Since we're just in alpha, you can already see the work we have ahead of us. For instance, we'll need some sort of rating system on public stuff so people can choose between the good stuff and the stuff I made.
For the Alpha, we only included two genres. Side-scroller and Adventure.
Like with side-scrollers, there are a ton of different graphical choices to choose from.
The path forward
We're starting the alpha with the game only costing $10. Obviously, it won't stay this way. But we want to encourage lots of people to come try it out, give feedback, tell us what they like and don't like and of course, make games.
Like I said earlier, The Video Game Machine isn't a development tool. It's meant to be fun. It's not intended to compete with Unity or Unreal or even sophisticated game making products. This is a game that is meant to make it easy and fun for people to create games in well understood genres.
We made it very easy for people to tell their own stories through their games as well.
We internally have around 7 genres in various stages of development. You can probably guess most of them.
Over time, as we advance, modders will be able to create and share their own music, tile-sets, enemies, game rules, gizmos, etc.
Starting today, May 29, 2019, you will be able to start playing it if you join the Founder's program. Join the adventure at www.TheVGM.com.
Stardock released a major update to its classic fantasy strategy game, Fallen Enchantress: Legendary Heroes today. The new version incorporates many months of fixes, performance optimizations, AI enhancements, balance tweaks and a host of other improvements.
"We are really happy to finally be able to get this update out to the fan community," said Brad Wardell, CEO of Stardock Entertainment. "We've been making improvements to the game for many months and been waiting until it reached a critical mass of updates to get it out there."
The game takes place on Stardock's fantasy world of Elemental. In it, players start a kingdom from the a single leader and must contend with other civilizations who are looking to take control of the world. Players research technology, design their own units, build cities, fight wars, go on quests, engage in diplomacy all while trying to unite the world under their rule.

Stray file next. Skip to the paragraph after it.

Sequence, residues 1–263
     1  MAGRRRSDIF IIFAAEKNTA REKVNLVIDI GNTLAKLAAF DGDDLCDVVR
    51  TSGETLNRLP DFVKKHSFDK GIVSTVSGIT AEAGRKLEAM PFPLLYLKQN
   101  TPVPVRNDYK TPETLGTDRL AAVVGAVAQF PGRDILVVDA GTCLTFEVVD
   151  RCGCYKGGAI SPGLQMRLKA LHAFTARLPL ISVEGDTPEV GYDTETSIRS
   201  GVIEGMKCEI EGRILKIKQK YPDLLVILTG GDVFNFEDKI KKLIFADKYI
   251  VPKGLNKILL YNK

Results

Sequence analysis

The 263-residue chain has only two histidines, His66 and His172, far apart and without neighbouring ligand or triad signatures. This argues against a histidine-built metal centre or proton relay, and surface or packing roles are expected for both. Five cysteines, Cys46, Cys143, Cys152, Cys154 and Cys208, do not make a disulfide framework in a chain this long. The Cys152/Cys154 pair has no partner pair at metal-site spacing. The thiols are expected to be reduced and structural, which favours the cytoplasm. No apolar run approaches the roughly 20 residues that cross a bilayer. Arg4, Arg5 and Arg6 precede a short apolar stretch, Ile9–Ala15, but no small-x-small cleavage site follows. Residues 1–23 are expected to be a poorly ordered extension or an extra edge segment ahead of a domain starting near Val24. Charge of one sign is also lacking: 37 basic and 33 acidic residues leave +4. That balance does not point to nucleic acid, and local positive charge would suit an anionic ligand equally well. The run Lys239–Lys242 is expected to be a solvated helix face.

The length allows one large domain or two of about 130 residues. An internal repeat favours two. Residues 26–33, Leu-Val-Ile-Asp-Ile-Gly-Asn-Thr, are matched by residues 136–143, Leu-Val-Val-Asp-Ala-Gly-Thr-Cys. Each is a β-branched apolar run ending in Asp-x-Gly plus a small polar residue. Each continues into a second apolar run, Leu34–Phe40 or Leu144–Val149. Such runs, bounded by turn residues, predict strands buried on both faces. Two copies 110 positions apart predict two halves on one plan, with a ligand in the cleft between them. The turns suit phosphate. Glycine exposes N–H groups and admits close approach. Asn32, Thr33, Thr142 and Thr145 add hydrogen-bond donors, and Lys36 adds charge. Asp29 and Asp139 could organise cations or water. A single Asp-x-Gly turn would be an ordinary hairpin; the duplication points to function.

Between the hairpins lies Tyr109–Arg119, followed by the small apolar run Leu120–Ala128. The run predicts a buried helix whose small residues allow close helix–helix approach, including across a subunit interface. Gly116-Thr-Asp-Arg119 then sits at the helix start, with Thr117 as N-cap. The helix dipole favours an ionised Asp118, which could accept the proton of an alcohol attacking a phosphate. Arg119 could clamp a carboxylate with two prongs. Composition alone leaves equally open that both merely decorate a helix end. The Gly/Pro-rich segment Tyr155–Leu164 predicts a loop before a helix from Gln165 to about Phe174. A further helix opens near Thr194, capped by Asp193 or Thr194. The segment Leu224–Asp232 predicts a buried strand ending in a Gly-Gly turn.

Version 2.5 is available from the game's home page at www.elementalgame.com as well as on Steam and GOG.
Discussion place for the upcoming Stardock Magazine. Not a subscriber? Go here: https://www.stardock.com/subscribe/
Next month will mark the third anniversary of the original release of Ashes of the Singularity!
It's amazing how much things have changed since then. I was looking at screenshots and gameplay video and the game has come so far from its first release.
This first image is from Ashes of the Singularity v1.0:
And here is what today's opt-in update looks like.
The first thing tto notice is how much bigger the buildings and units are.
Here's a screenshot that shows it off better
We still have more work to do as the sizes are going to create some pathing and formation bugs which you will see for yourself if you try out the opt-in. But the increased size makes the battles a lot more interesting and helps communicate the interactions between units much better.
The new version of Galactic Civilizations III includes an updated campaign screen that shows the campaigns as part of a timeline. We wanted to help players know where different campaigns take place in the overall story.
It's hard to believe that the base GalCiv III campaign, Crusade, actually takes place in the middle of the stories that were released for GalCiv III!
Our story so far...
During the campaigns of Galactic Civilizations II, the story ends with the human main fleet teleporting to a pocket universe, but not before using a Precursor (Arnorian) artifact to protect the Earth from Drengin invasion.
Galactic Civilizations III deals with the fleet's return from the pocket universe with a new artifact. A powerful orb known as "the bane" that was a weapon used by the Mithrilar (the beings who created the Arnor in the first place). The Terran fleet, armed with Precursor technologies, swiftly frees the people of Earth, who have been busy building their own fleet behind their protective shield.
The humans go on a crusade to free the other civilizations from Drengin thralldom. Their campaign to free the galaxy starts to turn dark as the Thalan, a species introduced in GalCiv I, explain that they are travelers from an alternate future and that the bane exacts a terrible price for its use (which is why it was hidden in a pocket universe in the first place). The bane's user will begin to lose all manner of perspective, which will lead to the destruction of the galaxy.
Retribution is at hand
The Retribution campaign is a 4-part campaign. I will say, at the start, that Galactic Civilizations, being a space sandbox game, doesn't lend itself to story-based campaigns. I generally don't recommend that people play the campaigns until they are done playing the main game (as opposed to the other way around). The campaigns exist to help players know the lore for the world in which the game takes place.